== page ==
George Davenport popularised the effect after the company purchased the rights through Max Holden from an unknown American source in 1930. It was a huge success and has been sold by Davenports ever since. I have a few examples in my collection. The one shown below has the striking red and yellow packaging synonymous with Davenports with a text description of the effect stamped on the box.
The apparatus itself is in remarkable condition with the original packaging on the blades. The trick was improved by Robert Harbin with the addition of the gimmicked spool of thread, removing some of the more complicated handling. He gave these improvements to Davenports and they printed them along with the original instructions. The trick also came with a handy block to make the resetting of the trick straight forward and to avoid tangles.
This example has a few differences, the most obvious being the packaging. This has slightly rarer graphics with the clown face more generally used for jokes and novelties. It also has a wonderful stamped image of the trick, clearly based on the photograph of Gilly above.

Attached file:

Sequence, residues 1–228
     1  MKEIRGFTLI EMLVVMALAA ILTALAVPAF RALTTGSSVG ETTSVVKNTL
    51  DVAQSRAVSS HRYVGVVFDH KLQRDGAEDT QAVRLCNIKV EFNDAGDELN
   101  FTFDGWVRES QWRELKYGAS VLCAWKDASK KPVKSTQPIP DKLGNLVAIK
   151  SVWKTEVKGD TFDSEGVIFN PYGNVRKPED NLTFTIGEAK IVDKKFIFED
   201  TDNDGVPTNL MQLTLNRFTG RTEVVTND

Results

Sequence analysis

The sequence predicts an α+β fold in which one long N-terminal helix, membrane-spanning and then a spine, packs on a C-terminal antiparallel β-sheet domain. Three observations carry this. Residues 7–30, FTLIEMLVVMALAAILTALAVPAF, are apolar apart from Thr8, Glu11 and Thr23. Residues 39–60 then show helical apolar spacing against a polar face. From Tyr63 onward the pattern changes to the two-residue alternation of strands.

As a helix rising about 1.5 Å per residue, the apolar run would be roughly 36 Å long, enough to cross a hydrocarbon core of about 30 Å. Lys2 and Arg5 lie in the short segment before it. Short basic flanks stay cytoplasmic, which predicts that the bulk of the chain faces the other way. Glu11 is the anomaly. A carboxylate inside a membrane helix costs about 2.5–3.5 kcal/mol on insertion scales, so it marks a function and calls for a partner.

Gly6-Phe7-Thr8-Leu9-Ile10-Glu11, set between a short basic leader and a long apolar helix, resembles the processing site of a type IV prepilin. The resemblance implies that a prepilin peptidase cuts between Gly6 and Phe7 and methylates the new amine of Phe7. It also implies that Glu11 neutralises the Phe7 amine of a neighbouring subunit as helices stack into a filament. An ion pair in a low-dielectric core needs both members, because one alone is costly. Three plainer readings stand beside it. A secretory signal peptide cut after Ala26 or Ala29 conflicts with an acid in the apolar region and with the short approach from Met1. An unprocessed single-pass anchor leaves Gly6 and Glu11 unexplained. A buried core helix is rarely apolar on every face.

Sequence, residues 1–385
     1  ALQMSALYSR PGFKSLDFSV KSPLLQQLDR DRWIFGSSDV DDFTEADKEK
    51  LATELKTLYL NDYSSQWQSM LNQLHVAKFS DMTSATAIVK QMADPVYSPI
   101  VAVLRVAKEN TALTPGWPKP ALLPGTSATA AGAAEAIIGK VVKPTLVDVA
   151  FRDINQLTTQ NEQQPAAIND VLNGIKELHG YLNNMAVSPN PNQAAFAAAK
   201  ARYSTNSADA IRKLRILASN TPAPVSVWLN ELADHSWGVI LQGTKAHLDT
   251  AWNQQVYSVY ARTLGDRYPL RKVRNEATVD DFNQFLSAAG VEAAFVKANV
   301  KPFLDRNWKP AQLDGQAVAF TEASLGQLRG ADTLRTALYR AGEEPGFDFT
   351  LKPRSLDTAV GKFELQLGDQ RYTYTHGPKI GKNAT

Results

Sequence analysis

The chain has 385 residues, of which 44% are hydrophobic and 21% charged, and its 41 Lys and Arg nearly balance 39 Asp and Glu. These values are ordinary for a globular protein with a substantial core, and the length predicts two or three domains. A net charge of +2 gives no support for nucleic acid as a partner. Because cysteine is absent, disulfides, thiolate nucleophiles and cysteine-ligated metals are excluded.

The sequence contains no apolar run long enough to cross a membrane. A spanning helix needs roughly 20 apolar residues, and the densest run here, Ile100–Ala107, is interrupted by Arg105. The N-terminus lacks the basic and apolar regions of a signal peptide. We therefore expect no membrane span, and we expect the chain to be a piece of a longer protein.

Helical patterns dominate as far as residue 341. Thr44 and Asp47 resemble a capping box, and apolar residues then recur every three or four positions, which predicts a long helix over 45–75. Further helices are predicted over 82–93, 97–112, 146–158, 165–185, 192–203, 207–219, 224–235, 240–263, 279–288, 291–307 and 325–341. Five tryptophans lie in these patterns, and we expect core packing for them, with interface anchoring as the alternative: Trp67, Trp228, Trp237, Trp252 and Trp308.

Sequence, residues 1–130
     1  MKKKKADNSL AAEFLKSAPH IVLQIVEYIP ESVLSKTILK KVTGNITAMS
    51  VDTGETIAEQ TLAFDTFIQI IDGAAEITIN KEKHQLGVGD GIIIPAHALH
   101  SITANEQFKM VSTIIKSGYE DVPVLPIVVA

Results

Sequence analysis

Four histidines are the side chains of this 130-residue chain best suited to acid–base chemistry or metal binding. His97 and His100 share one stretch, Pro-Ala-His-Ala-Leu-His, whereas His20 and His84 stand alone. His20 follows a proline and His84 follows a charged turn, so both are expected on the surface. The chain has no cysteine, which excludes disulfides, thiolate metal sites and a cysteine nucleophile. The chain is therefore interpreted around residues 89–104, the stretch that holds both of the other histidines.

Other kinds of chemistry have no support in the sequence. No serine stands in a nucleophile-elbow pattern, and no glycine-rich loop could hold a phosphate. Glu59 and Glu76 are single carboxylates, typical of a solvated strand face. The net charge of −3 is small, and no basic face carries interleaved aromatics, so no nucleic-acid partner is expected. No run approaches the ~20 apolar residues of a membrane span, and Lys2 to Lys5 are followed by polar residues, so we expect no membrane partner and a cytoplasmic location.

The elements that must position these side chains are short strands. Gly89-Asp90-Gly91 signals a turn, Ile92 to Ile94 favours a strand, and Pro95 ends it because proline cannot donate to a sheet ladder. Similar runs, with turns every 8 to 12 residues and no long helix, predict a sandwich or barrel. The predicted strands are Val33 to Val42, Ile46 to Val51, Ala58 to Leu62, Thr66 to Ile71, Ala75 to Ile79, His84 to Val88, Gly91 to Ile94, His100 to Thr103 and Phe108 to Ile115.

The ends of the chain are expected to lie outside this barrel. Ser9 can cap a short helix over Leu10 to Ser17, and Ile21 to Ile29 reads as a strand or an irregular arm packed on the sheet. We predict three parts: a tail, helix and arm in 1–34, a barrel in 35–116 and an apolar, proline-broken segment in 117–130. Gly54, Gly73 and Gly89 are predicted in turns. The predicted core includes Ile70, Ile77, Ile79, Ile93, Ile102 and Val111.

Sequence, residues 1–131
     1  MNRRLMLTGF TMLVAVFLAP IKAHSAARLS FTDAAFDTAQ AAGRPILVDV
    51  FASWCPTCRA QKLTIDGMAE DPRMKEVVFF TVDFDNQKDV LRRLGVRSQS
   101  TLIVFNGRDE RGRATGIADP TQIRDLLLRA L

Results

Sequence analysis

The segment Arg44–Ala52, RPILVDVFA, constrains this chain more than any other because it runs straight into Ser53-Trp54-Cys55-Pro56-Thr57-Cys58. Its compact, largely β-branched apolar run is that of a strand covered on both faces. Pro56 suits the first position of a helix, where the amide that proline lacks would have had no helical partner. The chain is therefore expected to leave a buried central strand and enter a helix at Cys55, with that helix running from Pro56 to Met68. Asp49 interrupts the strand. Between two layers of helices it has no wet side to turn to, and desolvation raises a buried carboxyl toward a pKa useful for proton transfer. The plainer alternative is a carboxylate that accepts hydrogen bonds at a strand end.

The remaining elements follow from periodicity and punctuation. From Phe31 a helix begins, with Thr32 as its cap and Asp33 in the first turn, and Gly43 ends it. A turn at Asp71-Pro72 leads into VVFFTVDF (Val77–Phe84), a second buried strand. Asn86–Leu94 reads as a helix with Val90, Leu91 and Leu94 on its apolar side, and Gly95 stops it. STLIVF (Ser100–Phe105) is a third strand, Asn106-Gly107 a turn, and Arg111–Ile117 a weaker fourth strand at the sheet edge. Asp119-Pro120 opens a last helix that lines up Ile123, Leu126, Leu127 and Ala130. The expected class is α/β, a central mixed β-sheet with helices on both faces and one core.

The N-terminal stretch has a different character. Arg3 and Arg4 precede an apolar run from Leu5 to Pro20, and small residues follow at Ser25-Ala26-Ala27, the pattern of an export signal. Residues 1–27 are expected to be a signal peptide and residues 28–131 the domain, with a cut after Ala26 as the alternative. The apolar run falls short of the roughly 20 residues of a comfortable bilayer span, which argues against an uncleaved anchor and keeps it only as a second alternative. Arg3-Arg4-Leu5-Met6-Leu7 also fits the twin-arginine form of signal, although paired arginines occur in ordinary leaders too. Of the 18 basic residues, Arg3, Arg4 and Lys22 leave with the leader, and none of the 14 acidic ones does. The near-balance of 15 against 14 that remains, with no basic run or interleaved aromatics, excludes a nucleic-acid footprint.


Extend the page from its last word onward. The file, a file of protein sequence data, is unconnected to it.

These also come with some extra envelopes showing that the blades have been chrome plated by Paisley Cooperative Manufacturing Society Ltd. This was presumably done to make them even more showy under the spotlights and was done after they were purchased.
Both the above examples use cardboard reels. Before the Second World War Davenports manufactured the reels in wood like the below example.
Gilly performed this effect for Movietone News in 1931 and Jasper Maskelyne performed it for Pathé in 1937.
Performed live it is a striking, stage filling trick that personifies the "packs small, plays big" idea. One of the best live performances I've seen was the late Bunny Neill performing this. He produced a string of blades long enough to stretch right across the stage, a brilliant sight.